Wessex Water Achieves 75% Saving With Enhanced Process
May 17, 2019
WPL’s Hybrid-SAF™ is more cost-efficient than planned trickling filters. An early collaboration delivers multiple delivery and operational benefits.
Instead, the utility was looking for an alternative solution and was scouting for high-rate processes and ways of utilising existing abandoned structures onsite. Andrew Gulliford, process design manager at Wessex Water, identified WPL’s enhanced biological treatment process via an article in an industry publication and invited the company to the Sherborne site.
A key advantage of WPL’s Hybrid-SAF™ precision-engineered treatment system is that it can be retrofitted into any vessel, regardless of shape or size, to deliver more efficient wastewater processing. During the initial collaborative planning stages of the project, the repurposing potential of an abandoned 12m-diameter onsite sludge tank was identified.
Retrofitting the circular vessel with modular WPL Hybrid-SAF cells could utilise the entirety of the vessel, whilst providing secondary biological treatment for 50% of the works’ flow-to-full-treatment. By doubling the process capacity, a permanent alternative to the planned trickling filters was identified and, looking at a 20-year horizon, one that was significantly cheaper.
WPL’s technical director Andrew Baird says, “WPL’s Hybrid-SAF is a significant step forward for submerged biological treatment. Our research and development team has conceived the hydrodynamic profile underpinning the technology in a new way, which has been made possible by the use of a high specific surface area media. The result is that significant process efficiency advantages have been achieved, including reductions in cost, physical footprint and electricity consumption, all whilst increasing the overall process capacity of the site and improving environmental compliance. Being involved in the project at the start and working collaboratively with Wessex Water meant the best solution for the site could be identified very early on.”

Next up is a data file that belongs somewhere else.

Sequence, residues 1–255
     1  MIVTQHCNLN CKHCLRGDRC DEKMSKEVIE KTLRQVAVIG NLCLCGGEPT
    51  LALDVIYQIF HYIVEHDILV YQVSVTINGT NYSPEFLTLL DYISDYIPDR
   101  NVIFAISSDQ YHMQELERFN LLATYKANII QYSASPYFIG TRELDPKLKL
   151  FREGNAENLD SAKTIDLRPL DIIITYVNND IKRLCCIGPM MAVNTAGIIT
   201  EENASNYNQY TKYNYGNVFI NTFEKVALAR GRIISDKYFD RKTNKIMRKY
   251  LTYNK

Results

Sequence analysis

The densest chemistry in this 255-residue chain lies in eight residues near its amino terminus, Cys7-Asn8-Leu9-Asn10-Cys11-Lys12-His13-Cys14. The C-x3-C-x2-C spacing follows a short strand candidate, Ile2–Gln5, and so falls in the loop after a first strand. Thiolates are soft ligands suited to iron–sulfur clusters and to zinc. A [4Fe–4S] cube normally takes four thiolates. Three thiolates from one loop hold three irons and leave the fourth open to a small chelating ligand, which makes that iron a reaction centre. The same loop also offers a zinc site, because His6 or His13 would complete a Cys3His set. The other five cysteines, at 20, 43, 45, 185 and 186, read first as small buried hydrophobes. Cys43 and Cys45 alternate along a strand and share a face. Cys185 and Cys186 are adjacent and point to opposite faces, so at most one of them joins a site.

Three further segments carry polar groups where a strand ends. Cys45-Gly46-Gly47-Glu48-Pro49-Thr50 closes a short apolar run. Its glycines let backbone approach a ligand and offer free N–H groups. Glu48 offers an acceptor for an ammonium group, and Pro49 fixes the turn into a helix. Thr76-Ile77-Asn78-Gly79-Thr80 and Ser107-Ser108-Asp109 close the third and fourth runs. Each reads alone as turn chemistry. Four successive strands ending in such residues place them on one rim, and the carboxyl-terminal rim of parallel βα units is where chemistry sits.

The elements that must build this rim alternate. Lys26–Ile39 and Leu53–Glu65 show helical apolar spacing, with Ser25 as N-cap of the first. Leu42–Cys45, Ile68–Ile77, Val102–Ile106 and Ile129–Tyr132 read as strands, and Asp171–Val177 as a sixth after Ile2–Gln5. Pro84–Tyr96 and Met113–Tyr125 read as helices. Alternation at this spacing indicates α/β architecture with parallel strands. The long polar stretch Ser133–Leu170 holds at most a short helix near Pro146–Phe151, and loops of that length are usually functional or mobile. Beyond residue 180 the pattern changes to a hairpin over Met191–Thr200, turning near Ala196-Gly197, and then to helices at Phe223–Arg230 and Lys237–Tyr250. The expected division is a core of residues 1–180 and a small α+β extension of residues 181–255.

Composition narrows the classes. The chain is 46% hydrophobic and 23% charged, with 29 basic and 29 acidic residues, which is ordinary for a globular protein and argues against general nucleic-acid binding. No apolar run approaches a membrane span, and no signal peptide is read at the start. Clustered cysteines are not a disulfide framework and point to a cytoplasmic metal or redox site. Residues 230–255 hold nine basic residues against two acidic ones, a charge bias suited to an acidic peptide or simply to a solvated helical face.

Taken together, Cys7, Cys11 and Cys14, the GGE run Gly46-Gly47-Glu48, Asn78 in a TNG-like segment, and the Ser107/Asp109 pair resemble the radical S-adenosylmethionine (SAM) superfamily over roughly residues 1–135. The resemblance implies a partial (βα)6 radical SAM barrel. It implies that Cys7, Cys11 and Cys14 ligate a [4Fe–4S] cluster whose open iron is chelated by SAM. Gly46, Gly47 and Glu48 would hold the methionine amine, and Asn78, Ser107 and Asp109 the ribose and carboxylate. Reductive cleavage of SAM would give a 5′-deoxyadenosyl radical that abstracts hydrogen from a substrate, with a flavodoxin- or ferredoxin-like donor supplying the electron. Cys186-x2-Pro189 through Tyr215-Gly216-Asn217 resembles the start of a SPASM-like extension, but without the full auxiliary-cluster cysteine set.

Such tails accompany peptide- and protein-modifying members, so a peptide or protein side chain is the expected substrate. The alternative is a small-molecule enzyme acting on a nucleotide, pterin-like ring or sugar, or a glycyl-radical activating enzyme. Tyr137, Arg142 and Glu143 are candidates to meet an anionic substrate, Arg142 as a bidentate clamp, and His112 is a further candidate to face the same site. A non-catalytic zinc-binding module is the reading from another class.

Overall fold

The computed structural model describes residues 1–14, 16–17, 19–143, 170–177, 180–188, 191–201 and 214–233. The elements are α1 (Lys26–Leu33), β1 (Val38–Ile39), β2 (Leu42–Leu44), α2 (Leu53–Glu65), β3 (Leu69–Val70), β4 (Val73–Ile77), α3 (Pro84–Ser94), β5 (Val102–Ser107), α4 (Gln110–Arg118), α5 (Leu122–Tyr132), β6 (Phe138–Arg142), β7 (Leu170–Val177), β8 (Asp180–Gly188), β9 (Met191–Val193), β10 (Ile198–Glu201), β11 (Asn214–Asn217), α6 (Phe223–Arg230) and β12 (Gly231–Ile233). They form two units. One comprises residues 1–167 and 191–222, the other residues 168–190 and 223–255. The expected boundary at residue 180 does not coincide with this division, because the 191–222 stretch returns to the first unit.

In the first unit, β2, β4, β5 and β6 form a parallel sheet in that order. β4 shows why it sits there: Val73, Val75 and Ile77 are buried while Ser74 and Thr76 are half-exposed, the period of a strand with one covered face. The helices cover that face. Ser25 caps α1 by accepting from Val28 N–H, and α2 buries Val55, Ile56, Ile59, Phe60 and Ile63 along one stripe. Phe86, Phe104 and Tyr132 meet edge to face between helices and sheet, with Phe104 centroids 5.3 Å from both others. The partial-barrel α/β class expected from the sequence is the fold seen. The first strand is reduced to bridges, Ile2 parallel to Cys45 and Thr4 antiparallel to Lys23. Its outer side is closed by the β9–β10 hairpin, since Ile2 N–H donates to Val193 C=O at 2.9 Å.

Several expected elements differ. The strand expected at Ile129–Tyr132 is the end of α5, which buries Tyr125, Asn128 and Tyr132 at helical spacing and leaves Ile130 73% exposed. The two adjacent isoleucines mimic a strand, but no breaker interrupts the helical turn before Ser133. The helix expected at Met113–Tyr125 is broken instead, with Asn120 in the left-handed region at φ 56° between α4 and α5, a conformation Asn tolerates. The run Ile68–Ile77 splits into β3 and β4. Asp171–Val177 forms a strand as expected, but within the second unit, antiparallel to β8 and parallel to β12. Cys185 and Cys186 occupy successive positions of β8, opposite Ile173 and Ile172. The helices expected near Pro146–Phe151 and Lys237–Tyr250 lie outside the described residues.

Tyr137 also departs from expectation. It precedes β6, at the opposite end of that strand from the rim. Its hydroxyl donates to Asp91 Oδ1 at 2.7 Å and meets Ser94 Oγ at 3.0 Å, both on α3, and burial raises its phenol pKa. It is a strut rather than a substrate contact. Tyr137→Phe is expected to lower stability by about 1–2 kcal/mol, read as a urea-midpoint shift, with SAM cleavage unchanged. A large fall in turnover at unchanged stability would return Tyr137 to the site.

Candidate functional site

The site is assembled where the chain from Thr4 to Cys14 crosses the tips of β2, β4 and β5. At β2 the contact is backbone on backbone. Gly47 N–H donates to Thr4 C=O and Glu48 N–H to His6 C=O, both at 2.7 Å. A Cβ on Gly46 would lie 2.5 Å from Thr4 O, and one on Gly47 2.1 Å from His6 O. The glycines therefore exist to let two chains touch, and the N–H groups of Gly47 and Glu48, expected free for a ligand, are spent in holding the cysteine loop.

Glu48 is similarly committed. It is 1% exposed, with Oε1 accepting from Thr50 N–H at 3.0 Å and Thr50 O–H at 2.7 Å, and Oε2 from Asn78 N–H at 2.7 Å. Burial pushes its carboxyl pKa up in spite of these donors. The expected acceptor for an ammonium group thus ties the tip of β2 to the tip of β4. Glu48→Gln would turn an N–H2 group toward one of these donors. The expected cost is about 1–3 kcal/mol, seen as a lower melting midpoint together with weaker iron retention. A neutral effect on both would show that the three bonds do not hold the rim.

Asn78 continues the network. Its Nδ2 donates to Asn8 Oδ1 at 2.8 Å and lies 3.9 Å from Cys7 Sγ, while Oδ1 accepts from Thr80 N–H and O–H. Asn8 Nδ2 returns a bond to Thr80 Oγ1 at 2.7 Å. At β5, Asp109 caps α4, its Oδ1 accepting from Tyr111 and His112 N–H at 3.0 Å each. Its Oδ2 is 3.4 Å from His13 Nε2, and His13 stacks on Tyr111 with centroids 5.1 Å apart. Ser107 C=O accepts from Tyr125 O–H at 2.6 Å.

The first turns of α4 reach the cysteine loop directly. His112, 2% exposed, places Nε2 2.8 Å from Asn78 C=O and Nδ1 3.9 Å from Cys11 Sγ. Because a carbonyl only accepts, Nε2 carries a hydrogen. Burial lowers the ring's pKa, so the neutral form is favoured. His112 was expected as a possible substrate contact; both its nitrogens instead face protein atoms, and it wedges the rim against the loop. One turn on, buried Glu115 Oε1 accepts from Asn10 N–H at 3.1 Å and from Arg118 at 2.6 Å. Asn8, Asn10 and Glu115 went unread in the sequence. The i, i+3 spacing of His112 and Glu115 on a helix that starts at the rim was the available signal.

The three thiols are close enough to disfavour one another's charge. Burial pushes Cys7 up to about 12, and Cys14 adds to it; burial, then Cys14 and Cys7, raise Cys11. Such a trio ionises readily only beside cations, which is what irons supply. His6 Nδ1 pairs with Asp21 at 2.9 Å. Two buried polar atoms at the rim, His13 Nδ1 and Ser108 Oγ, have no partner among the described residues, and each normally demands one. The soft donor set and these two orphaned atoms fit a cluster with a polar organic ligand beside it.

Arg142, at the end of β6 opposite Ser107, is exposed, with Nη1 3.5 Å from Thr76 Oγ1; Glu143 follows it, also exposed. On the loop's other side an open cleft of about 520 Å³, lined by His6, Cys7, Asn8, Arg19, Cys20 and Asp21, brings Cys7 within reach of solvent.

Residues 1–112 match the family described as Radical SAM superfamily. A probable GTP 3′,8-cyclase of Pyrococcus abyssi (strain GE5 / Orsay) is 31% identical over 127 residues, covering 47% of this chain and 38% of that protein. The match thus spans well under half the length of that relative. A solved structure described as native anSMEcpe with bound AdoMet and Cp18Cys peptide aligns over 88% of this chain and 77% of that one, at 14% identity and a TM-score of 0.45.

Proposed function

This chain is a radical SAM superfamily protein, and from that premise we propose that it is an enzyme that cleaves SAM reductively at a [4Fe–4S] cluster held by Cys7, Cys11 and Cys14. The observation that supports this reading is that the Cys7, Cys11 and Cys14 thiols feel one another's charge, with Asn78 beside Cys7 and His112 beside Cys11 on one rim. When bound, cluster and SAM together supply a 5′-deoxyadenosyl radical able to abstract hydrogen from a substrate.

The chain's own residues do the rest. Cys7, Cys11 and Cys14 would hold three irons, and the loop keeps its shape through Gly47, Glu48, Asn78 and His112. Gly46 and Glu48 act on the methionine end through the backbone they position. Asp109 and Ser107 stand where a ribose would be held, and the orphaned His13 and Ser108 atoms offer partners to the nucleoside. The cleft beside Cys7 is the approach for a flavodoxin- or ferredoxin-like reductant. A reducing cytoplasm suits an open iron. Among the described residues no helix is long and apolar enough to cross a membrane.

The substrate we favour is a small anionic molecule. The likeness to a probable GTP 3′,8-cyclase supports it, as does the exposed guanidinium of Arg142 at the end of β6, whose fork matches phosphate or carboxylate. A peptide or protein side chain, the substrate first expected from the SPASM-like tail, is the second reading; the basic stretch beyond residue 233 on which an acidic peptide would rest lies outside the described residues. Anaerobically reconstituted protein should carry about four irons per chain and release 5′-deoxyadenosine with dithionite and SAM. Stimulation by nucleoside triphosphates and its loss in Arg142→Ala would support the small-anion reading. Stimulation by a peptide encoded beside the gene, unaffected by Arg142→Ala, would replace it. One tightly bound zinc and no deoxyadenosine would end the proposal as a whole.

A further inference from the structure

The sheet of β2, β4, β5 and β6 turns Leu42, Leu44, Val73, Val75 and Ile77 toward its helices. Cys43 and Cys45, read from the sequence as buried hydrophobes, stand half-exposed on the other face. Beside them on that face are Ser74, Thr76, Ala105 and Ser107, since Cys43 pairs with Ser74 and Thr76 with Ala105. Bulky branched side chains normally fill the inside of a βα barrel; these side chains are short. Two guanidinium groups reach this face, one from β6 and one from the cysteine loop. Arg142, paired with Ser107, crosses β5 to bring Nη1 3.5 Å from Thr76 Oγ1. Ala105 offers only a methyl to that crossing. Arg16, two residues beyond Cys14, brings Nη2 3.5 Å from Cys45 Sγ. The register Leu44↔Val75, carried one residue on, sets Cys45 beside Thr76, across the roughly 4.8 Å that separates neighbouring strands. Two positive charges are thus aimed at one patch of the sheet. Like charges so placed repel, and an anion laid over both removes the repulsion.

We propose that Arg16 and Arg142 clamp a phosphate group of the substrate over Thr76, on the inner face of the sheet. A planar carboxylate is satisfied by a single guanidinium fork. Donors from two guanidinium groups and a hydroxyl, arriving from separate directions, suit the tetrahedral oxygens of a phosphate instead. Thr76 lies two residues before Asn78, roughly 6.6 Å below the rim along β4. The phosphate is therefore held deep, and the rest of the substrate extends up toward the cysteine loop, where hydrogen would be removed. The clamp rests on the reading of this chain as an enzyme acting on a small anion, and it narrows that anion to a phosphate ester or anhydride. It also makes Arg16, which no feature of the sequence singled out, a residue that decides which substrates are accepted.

The first flows entered the system on 1 October 2018 and the first data was recorded on 30 October. Results showed ammonia (NH3) levels at <0.4mg/l, well within the 10mg/l consent demanded by the Environment Agency.
Wessex Water also shared the 2040 design horizon with WPL, which ensured a solution that was futureproofed. The utility now has more flexibility in how throughput can be increased at Sherborne for population growth from 12,600 to 15,700 in the catchment.
The modular WPL Hybrid-SAF cells were manufactured within six to eight weeks, installed in two days and the process optimised within three weeks. Offsite manufacture also meant onsite health and safety risk was reduced and quality control easier to maintain.
The 30% smaller site footprint at Sherborne is also reflected in the energy consumption of the plant itself, which is reduced by a similar measure. Variable speed blowers are delivering 50-100% of design requirements, allowing greater headroom for power optimisation.
Lower levels of operator maintenance are required than with traditional treatment systems and individual cells can be replaced in a few hours without impacting on service or taking treatment vessels offline.
Andrew Gulliford, process design manager at Wessex Water said, “Working closely with WPL at the earliest stages of planning for Sherborne water recycling facility meant that together we could completely reimagine the possibilities at this constrained site. Wessex Water customers will benefit from the 75% cost saving on this project and the energy efficiencies achieved will help deliver our sustainability targets.”
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